Homology to other A3s with high-resolution structural information indicates that N15 is a highly conserved residue near the end of α-helix 1 and therefore most likely required for A3H structural integrity. NMR and mutagenesis studies with the catalytic domain of A3G have shown that this helix is essential for the stability and integrity of the entire deaminase domain, as it makes several essential contacts with internal residues [52], [53]. For instance, an alanine substitution of the homologous A3G residue N208 renders the enzyme catalytically dead [52]. In contrast, the glycine at position 105 is predicted to be in the middle of β-strand 4, located far from N15 and on the backside of the enzyme relative to the catalytic zinc-coordinating active site. This location and the observed intermediate stability of A3H haplotype I protein combine to suggest a different mechanism, possibly by altering an interaction with a cellular binding partner [34]. Consistent with these predictions, all evidence indicates that A3H haplotypes III and IV (ΔN15) encode complete loss-of-function proteins, whereas haplotype I (G105) encodes a hypofunctional variant because higher-than-background levels of G-to-A mutations are observed in the hypo-Vif virus in haplotype I expressing T cells.

Our data agree with the main conclusion of a study published recently by the Simon group [39]. They concluded that A3H haplotype II is a relevant HIV-1 restriction factor by showing more G-to-A mutations accumulating in viruses replicating in A3H haplotype II donor PBMC, in comparison to the same viruses replicating in haplotype I donor PMBC [39]. Our studies help explain their results by showing that stable A3H haplotypes are indeed expressed at the protein level in primary HIV-1 target cells and that, depending upon the functionality of the infecting virus's Vif protein, the outcomes can range from aphenotypic (hyper-Vif) to strong infectivity restriction and hypermutation (hypo-Vif). Importantly, the wide variation in G-to-A hypermutation levels observed in our controlled experiments may help explain the similarly wide variation reported in patient derived HIV-1 sequences [7][23]. Variation occurs for both overall G-to-A mutation frequency and for local dinucleotide preferences with, in many instances, GA-to-AA mutations predominating (e.g. [10], [11]). These in vivo biases could be due to the combination of stable A3H haplotypes and infection by hypo-functional Vif isolates.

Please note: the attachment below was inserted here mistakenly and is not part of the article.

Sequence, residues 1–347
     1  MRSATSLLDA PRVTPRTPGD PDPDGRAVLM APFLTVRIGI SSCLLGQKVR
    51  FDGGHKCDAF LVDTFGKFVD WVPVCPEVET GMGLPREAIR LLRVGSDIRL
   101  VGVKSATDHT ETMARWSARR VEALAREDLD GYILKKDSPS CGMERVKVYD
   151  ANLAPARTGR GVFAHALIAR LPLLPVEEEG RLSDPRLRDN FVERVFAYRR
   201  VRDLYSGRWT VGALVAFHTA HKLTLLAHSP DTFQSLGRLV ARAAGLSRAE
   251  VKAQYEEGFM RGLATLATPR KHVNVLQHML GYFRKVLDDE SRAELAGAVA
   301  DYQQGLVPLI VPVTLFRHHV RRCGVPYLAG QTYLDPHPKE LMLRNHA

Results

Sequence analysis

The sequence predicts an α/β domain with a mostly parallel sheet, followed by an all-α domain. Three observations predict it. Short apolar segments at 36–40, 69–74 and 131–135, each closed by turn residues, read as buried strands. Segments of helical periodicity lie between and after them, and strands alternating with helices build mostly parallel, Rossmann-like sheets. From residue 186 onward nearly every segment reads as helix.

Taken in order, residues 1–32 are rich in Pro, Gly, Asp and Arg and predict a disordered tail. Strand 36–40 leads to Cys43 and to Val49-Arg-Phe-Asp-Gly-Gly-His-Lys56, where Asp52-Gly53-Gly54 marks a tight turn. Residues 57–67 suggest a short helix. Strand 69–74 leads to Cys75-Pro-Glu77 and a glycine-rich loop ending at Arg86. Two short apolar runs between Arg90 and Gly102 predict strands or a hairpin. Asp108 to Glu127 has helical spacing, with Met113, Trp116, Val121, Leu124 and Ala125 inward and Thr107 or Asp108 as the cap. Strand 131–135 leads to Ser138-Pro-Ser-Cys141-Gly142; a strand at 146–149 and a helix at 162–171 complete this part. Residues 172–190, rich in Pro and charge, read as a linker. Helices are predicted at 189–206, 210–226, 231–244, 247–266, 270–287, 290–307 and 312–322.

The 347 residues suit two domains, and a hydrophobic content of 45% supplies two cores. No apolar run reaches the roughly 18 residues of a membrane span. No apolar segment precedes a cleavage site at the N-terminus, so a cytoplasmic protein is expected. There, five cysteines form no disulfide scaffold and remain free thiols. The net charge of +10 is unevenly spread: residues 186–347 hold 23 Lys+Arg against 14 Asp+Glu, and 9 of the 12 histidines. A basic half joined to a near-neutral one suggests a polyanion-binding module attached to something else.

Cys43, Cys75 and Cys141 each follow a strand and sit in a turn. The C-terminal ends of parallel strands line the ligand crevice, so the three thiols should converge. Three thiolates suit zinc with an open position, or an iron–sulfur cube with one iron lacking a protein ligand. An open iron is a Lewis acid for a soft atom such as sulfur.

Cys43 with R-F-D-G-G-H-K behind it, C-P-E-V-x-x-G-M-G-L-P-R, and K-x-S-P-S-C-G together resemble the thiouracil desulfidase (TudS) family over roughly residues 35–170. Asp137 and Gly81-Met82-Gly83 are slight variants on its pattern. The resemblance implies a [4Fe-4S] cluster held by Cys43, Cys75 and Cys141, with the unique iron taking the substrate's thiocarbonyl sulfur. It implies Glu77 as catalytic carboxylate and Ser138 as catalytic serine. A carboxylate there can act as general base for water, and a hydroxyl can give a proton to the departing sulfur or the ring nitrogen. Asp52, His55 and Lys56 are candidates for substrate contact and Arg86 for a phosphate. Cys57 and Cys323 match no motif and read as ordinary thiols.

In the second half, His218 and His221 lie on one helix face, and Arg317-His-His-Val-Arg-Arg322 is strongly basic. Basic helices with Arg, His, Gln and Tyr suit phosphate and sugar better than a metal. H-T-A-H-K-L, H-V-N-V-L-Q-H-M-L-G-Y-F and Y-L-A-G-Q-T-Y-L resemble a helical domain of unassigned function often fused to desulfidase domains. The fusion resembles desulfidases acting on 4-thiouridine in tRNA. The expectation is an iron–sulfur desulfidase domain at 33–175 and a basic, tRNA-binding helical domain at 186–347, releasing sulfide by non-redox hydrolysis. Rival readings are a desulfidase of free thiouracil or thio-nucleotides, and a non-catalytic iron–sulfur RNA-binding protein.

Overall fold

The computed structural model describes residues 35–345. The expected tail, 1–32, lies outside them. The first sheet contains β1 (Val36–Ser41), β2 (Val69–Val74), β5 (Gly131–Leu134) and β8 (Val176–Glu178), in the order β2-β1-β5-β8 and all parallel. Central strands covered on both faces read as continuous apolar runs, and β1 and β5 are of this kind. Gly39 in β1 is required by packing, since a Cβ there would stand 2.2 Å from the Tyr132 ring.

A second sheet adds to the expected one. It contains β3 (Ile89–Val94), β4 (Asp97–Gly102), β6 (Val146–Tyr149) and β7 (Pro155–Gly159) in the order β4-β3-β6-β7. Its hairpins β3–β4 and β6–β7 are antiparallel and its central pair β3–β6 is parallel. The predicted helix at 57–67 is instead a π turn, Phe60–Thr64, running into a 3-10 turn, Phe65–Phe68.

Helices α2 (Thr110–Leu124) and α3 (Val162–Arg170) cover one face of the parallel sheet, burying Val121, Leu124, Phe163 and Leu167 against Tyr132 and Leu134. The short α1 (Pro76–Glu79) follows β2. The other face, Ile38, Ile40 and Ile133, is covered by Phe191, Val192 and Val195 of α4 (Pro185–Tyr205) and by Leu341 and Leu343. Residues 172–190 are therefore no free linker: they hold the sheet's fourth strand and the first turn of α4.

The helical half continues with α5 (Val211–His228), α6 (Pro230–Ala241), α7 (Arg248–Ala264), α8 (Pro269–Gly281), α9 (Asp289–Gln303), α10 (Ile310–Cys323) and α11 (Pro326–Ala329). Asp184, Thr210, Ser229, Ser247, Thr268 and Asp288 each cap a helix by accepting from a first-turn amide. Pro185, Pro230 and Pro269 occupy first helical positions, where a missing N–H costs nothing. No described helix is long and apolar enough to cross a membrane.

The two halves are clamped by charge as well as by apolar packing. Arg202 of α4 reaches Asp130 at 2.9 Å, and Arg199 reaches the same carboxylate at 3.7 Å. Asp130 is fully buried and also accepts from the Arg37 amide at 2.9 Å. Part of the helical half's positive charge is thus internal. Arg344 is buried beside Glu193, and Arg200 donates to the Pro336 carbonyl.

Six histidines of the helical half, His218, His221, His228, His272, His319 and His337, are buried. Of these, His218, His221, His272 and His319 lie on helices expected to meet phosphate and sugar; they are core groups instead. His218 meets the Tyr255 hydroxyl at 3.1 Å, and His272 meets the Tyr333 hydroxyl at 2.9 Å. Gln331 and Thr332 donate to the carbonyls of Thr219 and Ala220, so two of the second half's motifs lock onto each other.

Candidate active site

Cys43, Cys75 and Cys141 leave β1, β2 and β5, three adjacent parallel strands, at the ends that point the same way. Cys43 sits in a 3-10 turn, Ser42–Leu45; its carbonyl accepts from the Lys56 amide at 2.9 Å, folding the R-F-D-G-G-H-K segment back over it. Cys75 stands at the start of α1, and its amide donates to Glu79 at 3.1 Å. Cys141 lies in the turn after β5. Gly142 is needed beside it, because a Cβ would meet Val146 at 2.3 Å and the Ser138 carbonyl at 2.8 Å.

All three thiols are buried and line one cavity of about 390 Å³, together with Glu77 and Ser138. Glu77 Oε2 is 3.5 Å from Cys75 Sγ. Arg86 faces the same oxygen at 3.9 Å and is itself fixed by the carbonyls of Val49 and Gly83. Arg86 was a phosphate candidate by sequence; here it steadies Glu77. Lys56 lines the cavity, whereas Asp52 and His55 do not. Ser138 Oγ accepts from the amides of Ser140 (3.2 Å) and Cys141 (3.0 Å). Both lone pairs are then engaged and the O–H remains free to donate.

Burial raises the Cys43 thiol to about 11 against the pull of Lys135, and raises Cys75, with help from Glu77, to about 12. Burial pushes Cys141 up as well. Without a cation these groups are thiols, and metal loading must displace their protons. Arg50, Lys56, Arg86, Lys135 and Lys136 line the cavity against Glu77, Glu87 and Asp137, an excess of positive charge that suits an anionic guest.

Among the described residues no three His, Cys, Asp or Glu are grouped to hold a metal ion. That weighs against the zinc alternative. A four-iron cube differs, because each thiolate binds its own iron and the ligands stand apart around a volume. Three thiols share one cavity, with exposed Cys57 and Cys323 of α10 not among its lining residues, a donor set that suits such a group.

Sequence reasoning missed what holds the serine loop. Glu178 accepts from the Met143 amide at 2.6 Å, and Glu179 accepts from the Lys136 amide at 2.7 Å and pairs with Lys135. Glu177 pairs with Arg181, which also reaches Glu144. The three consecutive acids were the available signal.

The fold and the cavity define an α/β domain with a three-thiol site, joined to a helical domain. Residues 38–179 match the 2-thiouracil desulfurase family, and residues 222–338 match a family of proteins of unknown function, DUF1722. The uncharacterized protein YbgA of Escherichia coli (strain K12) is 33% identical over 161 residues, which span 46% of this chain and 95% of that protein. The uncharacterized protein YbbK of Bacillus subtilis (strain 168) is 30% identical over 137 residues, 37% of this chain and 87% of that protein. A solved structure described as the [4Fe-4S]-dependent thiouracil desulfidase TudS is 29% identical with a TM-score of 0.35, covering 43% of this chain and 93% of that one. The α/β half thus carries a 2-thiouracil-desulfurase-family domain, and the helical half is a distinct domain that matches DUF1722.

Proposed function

The results presented here, together with recent data from the Simon group [39], combine to indicate that stable A3H haplotypes may be functioning as contemporary HIV-1 restriction factors. Stable A3H haplotypes may contribute to disease progression by limiting HIV-1 replication within an infected individual, as indicated by statistically lower viral loads and higher CD4+ T cell counts in haplotype II patients in comparison to haplotype I patients [39]. However, stable A3H haplotypes may also affect rates of transmission. In particular, our studies predict lower rates of virus acquisition when an infected patient has an unstable haplotype and their uninfected partner has a stable A3H haplotype (Figure 5B). Moreover, in instances where HIV-1 breaches this transmission barrier, our studies predict that the Vif protein will have to adapt in order to effectively counteract stable A3H. Thus, HIV-1 may need to adapt differently to the A3 repertoire in different humans, supported by correlations between worldwide Vif and A3H genotypes (p<0.001; Figure 5 and Tables S2 & S3). Overall, polymorphisms in human A3H and HIV-1 Vif appear to be combining to actively limit HIV-1 pathogenesis.